See some of our favorite foods to use as the first foods with baby-led weaning! You can make these BLW first foods for the whole family. Just modify them to be safe for your baby who is just getting started with baby-led weaning.
Baby-led weaning is a way to introduce solid foods to your baby through self-feeding. With baby-led weaning (BLW), there’s no purees, no spoon feeding your baby, and no baby food jars! Your baby learns to eat by exploring and gnawing on foods that they can hold in their fist.
We saw so many benefits of baby-led weaning when we did it with our daughter. It was really fun to see her learn and explore foods. She’s a fairly adventurous eater to this day and I credit a lot of that to BLW!
This post is written by Heather Liddell, Registered Dietitian Nutritionist. and Founder of The Doctor and The Dietitian. Heather and her husband Brian help families keep their kids healthy and learn to feed them with freedom and grace. Follow them on Instagram for more feeding tips!
How Do I Start Baby-Led Weaning?
Once your baby is at least 6 months old and can sit up unassisted, they are generally ready to start eating solids with baby led weaning (BLW). Check with your pediatrician to make sure your babe is ready.
When feeding BLW style, aim for foods that are soft enough to be squished between two fingers (your index finger and thumb), but not too slippery to frustrate your baby as he tries to hold it.
When giving pieces of food, measure them to be the size of a finger. This is a good size for a baby to grab onto and suck, mash, and chew.
Be sure to always sit with your baby while he is eating. This helps your baby see eating modeled from you and allows you to watch your baby in case he takes in too big of a bite or chokes.
It is also important to have your baby sitting in a safe and secure infant highchair, with adjusted straps and a footrest, These are the best high chairs we’ve found for baby-led weaning.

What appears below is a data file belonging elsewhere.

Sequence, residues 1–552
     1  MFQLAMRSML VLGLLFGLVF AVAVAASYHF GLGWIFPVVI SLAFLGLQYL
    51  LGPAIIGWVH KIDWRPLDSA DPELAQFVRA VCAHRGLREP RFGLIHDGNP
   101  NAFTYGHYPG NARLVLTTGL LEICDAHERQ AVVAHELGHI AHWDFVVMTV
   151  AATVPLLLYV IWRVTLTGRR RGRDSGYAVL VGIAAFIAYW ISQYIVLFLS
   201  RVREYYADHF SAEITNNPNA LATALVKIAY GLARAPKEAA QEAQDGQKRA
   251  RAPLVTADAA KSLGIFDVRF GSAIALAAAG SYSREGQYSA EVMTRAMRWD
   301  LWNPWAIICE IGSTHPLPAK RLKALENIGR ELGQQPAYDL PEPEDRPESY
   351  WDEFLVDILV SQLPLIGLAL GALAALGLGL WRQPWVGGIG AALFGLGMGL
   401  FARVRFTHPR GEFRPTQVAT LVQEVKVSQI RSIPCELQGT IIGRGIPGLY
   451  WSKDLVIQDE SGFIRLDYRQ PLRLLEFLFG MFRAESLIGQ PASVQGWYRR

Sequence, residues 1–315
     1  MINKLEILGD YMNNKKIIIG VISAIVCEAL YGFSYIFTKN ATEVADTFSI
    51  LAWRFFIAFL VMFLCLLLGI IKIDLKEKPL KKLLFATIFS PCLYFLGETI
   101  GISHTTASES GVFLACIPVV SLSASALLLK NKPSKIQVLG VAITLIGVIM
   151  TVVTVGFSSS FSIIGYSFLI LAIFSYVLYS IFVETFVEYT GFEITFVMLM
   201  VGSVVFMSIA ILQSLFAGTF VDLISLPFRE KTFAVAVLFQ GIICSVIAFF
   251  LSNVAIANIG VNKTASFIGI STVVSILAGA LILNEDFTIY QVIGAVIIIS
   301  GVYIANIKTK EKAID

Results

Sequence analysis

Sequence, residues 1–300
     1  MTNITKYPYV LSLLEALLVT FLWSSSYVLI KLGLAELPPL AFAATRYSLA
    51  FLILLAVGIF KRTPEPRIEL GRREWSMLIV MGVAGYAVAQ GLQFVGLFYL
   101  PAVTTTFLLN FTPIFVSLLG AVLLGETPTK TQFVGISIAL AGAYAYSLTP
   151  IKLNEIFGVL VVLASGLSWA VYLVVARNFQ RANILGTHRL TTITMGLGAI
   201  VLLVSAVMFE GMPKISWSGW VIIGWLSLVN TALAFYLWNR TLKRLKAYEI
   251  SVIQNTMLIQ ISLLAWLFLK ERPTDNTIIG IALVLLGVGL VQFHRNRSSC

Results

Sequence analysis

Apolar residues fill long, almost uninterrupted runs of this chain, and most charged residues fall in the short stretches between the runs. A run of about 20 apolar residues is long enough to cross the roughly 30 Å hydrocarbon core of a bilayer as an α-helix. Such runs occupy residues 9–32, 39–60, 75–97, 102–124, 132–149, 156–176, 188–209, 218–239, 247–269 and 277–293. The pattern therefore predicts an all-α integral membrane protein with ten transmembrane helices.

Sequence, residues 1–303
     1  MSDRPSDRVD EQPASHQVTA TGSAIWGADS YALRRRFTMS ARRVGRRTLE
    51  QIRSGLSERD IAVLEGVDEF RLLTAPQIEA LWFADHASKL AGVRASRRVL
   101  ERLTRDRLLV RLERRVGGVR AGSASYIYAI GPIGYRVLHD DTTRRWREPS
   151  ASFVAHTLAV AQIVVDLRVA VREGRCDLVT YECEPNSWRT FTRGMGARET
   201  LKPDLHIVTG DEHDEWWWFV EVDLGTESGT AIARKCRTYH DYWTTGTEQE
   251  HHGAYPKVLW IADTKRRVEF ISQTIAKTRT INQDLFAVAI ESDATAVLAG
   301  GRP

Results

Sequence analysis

What Finger Foods Can I Give My 6-Month Old?
There are actually a lot of first foods that you can offer your baby with BLW! Even a baby who doesn’t have any teeth will be able to gnaw away at soft-ish foods and enjoy them with you at the dinner table.
My daughter didn’t get any teeth until she was 11-months old and people used to marvel at how she could chomp away on so many foods with just her gums!
What About Gagging/Choking?
Often, babies who are fed with the BLW method will gag. There is a difference between gagging and choking. We want our babies to be able to gag as they are learning to move food around and swallow or get it out appropriately.
Gagging can be off putting for parents, so take time to learn about the differences between gagging and choking.
A recent study by the American Academy of Pediatrics found that babies following a modified version of BLW did not choke more than babies following traditional feeding methods.
Being present while your infant is eating and being aware of foods that are choking hazards is helpful to decrease the risk of choking (see the list below).
What First Foods Can I Give My Baby?
When an infant starts solid foods, the nutrients they need start to shift. Many of these nutrients will be found in formula or breastmilk the baby is still drinking.
There are a few things that do not naturally occur in breastmilk, including iron and vitamin D. If your child is breastfed, supplementing with vitamin D is usually necessary.
Once you start solid foods enough iron could be consumed through foods. But it is important to know which foods contain iron and be sure to offer these foods a few times each day. Talk with your pediatrician or health care team to see what you should be supplementing for your baby.
Here are 10 of our favorite first foods for baby led weaning due to their nutrient profile and ease of eating. These first foods are a great way to jump into BLW in the first week and have fun with the milestone that is starting solids!
1. Sweet Potato
Sweet potatoes are a classic BLW food and for good reason. Sweet potatoes are a great source of fiber, vitamin A, C, and potassium and are usually liked by infants.
To serve, cut the sweet potato into finger-length strips and roast in the oven or steam on the stovetop. You can season with herbs but omit the salt.
Bananas are easy to hold and smash and so easy to serve. There’s hardly any prep work required! Give the banana to your baby with the peel partly on so they can grasp it while they suck off the fruit part.